This would make sense if you do not own the rentals completely. For instance, if you own 25% of the LLC that holds the rental, and your partners agree to pay you for the management, then I do think you should create a S-corp as a management company, whereby you pay yourself as employee.

This would also make sense that if you want to earn income from managing other people's properties in addition to your own, hence a true property management company.  

**I'm not an accountant**

This could also make sense if one were trying to create self-employed earned income in order to be eligible for a solo 401k. Schedule E income (whether the property is held in one's personal name or in a disregarded entity LLC) does not produce earned income to contribute to a solo account. That's the benefit I see, but check with an accountant!!

@Rob Beland @Adam Johnson @Daniel Chang

Rob is correct here on converting passive income to active income via self-charged management fees. Of course, you can pay your parent S-Corp all day and call it whatever you want, but it doesn't change the economics of the particular transaction.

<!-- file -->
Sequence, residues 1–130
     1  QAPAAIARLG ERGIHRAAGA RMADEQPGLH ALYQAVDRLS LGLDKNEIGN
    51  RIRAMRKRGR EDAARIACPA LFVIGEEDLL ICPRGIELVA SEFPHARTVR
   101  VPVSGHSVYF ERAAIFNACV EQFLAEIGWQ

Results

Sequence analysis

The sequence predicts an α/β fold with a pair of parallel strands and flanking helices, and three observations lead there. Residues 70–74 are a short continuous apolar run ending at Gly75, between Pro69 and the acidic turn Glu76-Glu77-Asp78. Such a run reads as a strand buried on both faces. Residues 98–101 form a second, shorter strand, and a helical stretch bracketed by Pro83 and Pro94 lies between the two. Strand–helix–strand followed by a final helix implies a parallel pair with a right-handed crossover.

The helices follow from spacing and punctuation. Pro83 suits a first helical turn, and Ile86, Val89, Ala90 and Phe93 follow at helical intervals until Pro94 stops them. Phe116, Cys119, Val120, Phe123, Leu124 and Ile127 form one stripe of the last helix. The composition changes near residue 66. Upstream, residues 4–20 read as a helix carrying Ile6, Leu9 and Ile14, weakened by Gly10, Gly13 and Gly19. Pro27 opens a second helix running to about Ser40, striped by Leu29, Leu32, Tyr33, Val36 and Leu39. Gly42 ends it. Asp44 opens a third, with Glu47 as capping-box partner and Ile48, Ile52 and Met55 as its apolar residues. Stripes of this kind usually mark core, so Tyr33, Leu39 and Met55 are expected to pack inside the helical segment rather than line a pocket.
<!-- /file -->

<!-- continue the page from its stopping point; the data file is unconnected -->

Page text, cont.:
Generally, you cannot convert passive income/loss into non-passive (ordinary) income/loss. Otherwise, you'd be able to devise tax loopholes to get around the passive activity rules that the IRS worked hard and long at developing :) 

I encourage you to read Hillman vs. Commissioner (Appealed) as it directly relates to this discussion.

Summary of case: Hillman had a parent S-Corp and was charging his subsidiary LLCs a property management fee. Hillman was deducting the management expense from his subsidiary LLCs against the S-Corp active income on his tax returns. IRS issued a notice of deficiency claiming that Hillman could not utilize this method under IRC

Thank you very much everyone for all the great advice.

Honestly, I don't really understand myself why I have S-corp. About a year ago, I was told that I will save tax money through S-corp, and it is good for the asset protection. So I set up an S-corp. All the expenses comes out from the corporation account, but all the rental properties are held under my name, not the corporation. It has been very confusing because my corporation doesn't have a source of income. I deposit my money into a corporation account first to be able to pay the rental expenses.